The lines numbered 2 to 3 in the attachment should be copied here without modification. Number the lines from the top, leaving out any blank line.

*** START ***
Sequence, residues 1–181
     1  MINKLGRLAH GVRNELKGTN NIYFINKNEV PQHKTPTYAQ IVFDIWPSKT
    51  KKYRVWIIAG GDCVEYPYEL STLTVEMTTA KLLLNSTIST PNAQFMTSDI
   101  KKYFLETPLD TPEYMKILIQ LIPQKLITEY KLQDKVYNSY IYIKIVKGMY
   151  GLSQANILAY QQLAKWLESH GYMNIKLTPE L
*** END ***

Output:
     1  MINKLGRLAH GVRNELKGTN NIYFINKNEV PQHKTPTYAQ IVFDIWPSKT
    51  KKYRVWIIAG GDCVEYPYEL STLTVEMTTA KLLLNSTIST PNAQFMTSDI